It was a very rough cut with scenes missing, on video instead of the final media, that sort of thing. I can't write a review but I can tell you a few things ...
It is the story of Josemaria Escriva, told through flashbacks by a father to his journalist son who has been assigned to write a book as Escriva is about to be canonized in the movie's current-day timeline. In a sense, it is an anti-DaVinci Code because it shows the beginnings of Opus Dei as God's work intended for all people. Certainly it is an interesting look up close at the Spanish Civil War from the point of view of Escriva and his childhood friend (a fictional character whose life is intertwined with Escriva's in a way that shows us the contrast between being open to love and forgiveness and rejecting them).
Tom and I both found it absorbing.
You need have no fears about a Hollywoodization of either St. Escriva or the Church. Escriva is shown as a priest in a real, human occupation (or as they'd say in the Church, vocation). He is somewhat idealized but with faults and frailties that any human experiences in their attempts to live life the right way. I was totally impressed by how often I saw monstrances in the movie, often empty but still there as reminders of the centrality of the Eucharist. As well, the Eucharist is treated in a completely respectful way, especially if a threat comes along.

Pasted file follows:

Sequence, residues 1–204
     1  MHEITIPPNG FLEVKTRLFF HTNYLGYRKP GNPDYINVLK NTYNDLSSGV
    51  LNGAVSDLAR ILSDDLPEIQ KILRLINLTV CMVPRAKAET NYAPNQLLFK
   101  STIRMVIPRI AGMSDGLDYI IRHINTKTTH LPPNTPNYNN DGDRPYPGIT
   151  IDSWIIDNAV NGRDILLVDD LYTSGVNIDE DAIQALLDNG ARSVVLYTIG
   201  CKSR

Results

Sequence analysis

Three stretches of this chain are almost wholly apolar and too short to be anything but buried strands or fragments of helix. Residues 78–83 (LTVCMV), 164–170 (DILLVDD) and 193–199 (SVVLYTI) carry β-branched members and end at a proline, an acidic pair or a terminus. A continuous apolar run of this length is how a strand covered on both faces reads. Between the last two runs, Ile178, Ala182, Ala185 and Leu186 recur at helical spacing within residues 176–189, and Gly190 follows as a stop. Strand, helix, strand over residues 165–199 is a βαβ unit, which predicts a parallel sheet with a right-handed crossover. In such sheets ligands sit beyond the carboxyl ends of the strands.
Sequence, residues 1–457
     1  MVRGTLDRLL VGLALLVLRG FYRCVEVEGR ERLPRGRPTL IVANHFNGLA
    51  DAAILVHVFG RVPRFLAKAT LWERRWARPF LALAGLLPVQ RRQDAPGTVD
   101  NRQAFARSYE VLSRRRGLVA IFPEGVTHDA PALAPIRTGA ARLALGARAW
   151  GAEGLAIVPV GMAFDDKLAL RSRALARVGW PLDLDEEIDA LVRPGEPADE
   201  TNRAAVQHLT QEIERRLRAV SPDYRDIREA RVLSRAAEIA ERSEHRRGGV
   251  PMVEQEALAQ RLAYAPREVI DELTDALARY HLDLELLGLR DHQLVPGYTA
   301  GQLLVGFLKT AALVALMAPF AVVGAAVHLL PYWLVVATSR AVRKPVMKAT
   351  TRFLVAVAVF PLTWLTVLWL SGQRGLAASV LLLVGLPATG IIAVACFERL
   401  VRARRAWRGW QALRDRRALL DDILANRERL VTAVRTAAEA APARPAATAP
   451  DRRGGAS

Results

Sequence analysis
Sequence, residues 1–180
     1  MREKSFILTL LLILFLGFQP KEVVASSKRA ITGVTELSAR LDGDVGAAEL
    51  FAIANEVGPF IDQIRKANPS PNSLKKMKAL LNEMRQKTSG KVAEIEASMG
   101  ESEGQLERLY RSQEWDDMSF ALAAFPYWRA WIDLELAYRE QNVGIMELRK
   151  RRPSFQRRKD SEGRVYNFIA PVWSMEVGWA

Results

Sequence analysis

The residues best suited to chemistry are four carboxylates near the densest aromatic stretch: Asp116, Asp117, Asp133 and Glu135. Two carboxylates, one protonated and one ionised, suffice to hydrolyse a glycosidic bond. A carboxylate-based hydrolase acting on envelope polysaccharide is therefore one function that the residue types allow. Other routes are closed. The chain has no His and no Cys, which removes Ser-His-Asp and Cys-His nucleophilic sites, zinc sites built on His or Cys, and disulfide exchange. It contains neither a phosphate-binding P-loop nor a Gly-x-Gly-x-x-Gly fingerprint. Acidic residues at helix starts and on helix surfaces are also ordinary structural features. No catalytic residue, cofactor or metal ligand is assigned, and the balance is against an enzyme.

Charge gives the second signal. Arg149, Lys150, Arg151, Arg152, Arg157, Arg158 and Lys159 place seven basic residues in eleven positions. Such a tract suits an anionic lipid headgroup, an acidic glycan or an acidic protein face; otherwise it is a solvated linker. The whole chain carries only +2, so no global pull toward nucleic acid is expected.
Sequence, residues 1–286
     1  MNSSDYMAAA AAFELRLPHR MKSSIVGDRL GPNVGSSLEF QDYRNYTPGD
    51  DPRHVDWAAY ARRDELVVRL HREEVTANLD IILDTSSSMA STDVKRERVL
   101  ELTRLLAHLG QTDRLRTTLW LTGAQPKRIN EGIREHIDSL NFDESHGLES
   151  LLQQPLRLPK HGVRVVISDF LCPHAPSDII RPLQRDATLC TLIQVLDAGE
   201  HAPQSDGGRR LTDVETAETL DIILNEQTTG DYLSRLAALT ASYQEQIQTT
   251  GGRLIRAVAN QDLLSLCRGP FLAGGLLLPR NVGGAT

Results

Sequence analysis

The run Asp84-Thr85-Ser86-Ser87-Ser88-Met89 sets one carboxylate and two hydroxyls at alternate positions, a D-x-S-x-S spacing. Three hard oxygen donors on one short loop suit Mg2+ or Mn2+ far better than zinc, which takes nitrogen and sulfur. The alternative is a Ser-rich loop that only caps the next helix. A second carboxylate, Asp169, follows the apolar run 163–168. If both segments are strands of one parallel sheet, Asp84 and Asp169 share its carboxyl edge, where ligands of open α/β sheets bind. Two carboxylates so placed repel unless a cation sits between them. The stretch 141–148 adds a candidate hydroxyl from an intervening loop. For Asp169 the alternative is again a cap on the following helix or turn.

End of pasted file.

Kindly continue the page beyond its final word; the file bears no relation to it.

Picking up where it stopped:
It will be in theaters on May 5 and I would plan to see it. You can read more about it here.